Peeping Tom suspect pleads guilty<BR>
A Kingman man originally charged with 52 felony counts, including illegally videotaping girls through their bedroom windows, could spend the rest of his life in prison after changing his plea Thursday.
As part of a plea agreement, David Owens pleaded guilty in Mohave County Superior Court to 12 counts of unlawful videotaping, five counts of second-degree burglary and two counts of first-degree trafficking in stolen property.
Owens was originally charged with one count of molestation of a child and 12 counts of unlawful videotaping and 19 counts of sexual exploitation of a minor.
In a separate case, he was charged with 10 counts of second-degree burglary, two counts of third-degree burglary, two counts of first-degree trafficking in stolen property and six counts of theft.
Under the agreement, all of the other charges were dismissed.
Judge Richard Weiss said Owens could face 100 years in prison.
Weiss is expected to sentence Owens Sept.
Owens admitted to using dark clothing, shoes that would not leave footprints and a night vision scope while videotaping girls and one woman through their bedroom or bathroom windows.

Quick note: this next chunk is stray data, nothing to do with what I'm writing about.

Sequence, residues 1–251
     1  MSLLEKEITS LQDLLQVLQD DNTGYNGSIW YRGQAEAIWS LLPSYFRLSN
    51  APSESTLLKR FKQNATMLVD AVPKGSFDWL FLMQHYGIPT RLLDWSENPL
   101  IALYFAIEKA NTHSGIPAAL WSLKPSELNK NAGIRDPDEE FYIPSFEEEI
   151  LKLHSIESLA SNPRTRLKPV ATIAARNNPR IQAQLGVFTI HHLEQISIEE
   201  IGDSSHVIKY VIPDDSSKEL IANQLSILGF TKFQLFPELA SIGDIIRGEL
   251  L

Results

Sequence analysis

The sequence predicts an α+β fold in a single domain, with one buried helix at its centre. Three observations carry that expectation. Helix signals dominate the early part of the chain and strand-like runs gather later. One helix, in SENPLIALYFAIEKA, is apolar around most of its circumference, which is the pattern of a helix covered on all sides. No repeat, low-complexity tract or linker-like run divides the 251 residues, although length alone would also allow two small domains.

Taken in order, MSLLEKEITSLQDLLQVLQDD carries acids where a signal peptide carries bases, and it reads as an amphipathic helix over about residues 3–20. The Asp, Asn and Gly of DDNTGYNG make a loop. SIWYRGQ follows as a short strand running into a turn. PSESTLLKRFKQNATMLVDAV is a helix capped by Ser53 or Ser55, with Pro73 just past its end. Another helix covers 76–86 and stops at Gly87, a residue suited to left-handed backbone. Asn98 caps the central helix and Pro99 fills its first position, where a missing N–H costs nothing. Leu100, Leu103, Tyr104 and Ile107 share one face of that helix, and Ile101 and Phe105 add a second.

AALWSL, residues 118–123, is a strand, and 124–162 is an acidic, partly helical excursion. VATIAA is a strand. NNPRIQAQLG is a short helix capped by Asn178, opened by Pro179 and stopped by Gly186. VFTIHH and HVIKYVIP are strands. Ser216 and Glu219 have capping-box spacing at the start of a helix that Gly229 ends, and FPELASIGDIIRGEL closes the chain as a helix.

The incidents occurred between June and November 2001.
Owens also admitted to prior felony convictions in California.
Owens had been charged with possessing 19 Internet computer images that sexually exploited minors younger than 5.
The computer images were discovered after Kingman police detectives searched his home during the burglary investigation.
The burglaries occurred between July 31 and Nov.
5 and amounted to more than $40,000 in property.
Owens also attempted to sell jewelry to a Kingman pawnshop in October.
Burglaries in Nevada attracted the attention of Kingman police because stolen jewelry was sold to a Kingman pawnshop.
The Nevada burglaries were similar to burglaries committed in Kingman.
Detectives identified Owens, 37, as the suspect trying to sell the jewelry and searched his home.
It was then when officers discovered the illegal videotapes, pornographic photos and a number of stolen items.